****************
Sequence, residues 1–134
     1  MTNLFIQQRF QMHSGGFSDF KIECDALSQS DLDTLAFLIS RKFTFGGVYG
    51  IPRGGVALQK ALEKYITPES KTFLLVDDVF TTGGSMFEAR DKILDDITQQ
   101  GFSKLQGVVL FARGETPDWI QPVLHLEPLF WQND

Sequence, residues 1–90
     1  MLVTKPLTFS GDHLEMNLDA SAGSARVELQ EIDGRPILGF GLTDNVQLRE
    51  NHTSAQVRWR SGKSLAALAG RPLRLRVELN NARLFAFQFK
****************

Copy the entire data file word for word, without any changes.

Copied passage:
Sequence, residues 1–134
     1  MTNLFIQQRF QMHSGGFSDF KIECDALSQS DLDTLAFLIS RKFTFGGVYG
    51  IPRGGVALQK ALEKYITPES KTFLLVDDVF TTGGSMFEAR DKILDDITQQ
   101  GFSKLQGVVL FARGETPDWI QPVLHLEPLF WQND

Sequence, residues 1–90
     1  MLVTKPLTFS GDHLEMNLDA SAGSARVELQ EIDGRPILGF GLTDNVQLRE
    51  NHTSAQVRWR SGKSLAALAG RPLRLRVELN NARLFAFQFK